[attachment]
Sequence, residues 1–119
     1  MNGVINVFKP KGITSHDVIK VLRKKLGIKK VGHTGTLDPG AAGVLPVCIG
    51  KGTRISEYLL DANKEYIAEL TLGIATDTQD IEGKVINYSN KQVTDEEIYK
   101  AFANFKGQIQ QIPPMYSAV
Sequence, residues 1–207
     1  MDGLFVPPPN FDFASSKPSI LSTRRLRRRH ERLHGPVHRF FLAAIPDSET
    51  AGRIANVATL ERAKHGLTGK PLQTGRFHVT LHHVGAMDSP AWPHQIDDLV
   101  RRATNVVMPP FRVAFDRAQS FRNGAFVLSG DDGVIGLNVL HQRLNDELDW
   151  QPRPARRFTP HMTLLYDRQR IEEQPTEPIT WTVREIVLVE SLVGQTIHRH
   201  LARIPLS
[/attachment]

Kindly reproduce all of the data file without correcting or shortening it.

Sequence, residues 1–119
     1  MNGVINVFKP KGITSHDVIK VLRKKLGIKK VGHTGTLDPG AAGVLPVCIG
    51  KGTRISEYLL DANKEYIAEL TLGIATDTQD IEGKVINYSN KQVTDEEIYK
   101  AFANFKGQIQ QIPPMYSAV
Sequence, residues 1–207
     1  MDGLFVPPPN FDFASSKPSI LSTRRLRRRH ERLHGPVHRF FLAAIPDSET
    51  AGRIANVATL ERAKHGLTGK PLQTGRFHVT LHHVGAMDSP AWPHQIDDLV
   101  RRATNVVMPP FRVAFDRAQS FRNGAFVLSG DDGVIGLNVL HQRLNDELDW
   151  QPRPARRFTP HMTLLYDRQR IEEQPTEPIT WTVREIVLVE SLVGQTIHRH
   201  LARIPLS